Didn’t she used to declare that it was music that made the people come together?

Madonna's last album, 2012's "MDNA," debuted at No. 1 on the Billboard 200.

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World Cup anthem poster

Watch Santana, Wyclef Jean, Avicii and Alexandre Pires' World Cup Anthem: 'We Will Find A Way'

This is how you do a FIFA theme

Here’s how you do a World Cup anthem: The video for Santana, Wyclef Jean, Avicii, and Alexandre Pires’ FIFA tune, “Dar Um Jeito (We Will Find A Way) came out today and it’s the hip-shaking theme we’ve been waiting for.

After one listen, it’s instantly more catchy than the Pitbull/Jennifer Lopez/Claudia Leitte mess, otherwise known as "We Are One." The audio of the song has been out since May, but the visuals enhance the experience.

In the clip, we see Santana do some incredible shredding, as Wyclef and Pires perform the song, Pires, on the streets of Brazil. They don’t shy away from much of the country’s tremendous poverty, as we see a boy stringing together his own soccer ball and other signs of the overwhelming lack of wealth for much of the country—but the emphasis is on overcoming obstacles.

The song/video also highlights Brazilian percussionists. We wish we’d seen and heard more of that.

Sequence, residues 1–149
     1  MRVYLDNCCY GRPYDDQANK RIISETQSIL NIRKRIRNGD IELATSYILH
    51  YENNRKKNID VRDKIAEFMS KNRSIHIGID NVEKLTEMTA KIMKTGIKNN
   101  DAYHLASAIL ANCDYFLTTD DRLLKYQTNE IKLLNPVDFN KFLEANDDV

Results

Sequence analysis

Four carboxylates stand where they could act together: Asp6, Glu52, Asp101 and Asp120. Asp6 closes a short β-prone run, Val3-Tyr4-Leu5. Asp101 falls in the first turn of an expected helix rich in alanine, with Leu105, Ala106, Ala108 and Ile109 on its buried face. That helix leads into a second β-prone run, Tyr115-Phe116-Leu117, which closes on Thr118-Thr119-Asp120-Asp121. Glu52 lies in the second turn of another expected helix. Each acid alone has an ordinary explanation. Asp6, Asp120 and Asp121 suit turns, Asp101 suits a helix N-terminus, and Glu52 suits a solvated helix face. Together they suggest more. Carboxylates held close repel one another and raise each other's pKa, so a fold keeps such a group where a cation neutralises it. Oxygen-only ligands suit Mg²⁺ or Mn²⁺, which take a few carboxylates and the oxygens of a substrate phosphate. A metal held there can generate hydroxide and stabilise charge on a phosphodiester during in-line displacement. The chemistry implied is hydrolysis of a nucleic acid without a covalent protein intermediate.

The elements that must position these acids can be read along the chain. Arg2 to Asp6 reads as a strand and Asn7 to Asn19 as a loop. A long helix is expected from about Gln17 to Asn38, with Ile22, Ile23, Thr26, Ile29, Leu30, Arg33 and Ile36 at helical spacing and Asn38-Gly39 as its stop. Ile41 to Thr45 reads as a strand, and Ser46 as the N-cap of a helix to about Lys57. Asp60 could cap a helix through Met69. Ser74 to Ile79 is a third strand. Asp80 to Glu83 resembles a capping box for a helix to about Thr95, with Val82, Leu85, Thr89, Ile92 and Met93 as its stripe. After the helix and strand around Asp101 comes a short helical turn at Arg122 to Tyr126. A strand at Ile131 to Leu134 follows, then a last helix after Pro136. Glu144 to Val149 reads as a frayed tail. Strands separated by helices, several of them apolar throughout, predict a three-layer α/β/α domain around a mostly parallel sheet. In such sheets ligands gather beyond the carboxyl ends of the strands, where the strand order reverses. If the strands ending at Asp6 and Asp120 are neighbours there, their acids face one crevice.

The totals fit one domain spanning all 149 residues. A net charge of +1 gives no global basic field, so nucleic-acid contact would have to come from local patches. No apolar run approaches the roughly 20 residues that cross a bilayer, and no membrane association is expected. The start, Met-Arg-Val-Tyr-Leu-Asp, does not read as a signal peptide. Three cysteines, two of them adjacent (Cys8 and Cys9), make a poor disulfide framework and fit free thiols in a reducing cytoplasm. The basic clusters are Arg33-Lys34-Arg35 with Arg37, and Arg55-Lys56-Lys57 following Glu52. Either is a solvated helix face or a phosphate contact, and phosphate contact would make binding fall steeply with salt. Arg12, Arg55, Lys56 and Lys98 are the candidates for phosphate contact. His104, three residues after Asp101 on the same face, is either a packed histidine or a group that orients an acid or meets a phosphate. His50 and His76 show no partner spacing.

Santana, Pires and Jean will perform the song at the closing ceremony on July 13 in Rio. Aviciii, who is not seen in the clip, has not been confirmed for the closing ceremony..

What do you think of “We Will Find A Way?”

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Robin Thicke

Review: Is Robin Thicke out for reconciliation or revenge on 'Paula?'

His confessional set misses the mark

Robin Thicke’s new album, “Paula,” comes with a built-in “ick” factor. The whole album is allegedly an effort to woo back his wife, Paula Patton, who dumped him earlier this year for what looks like a whole laundry list of reasons, but primarily for being a douche.

Since then, he’s been on a public campaign that rivals that of politicians on the stump, declaring on award show after award show and at concert after concert that he wants her back.  Note to Thicke: If you’re going to make a confessional album, it should be to confess your own sins, not to highlight also the frailties of the person you’re trying to win back.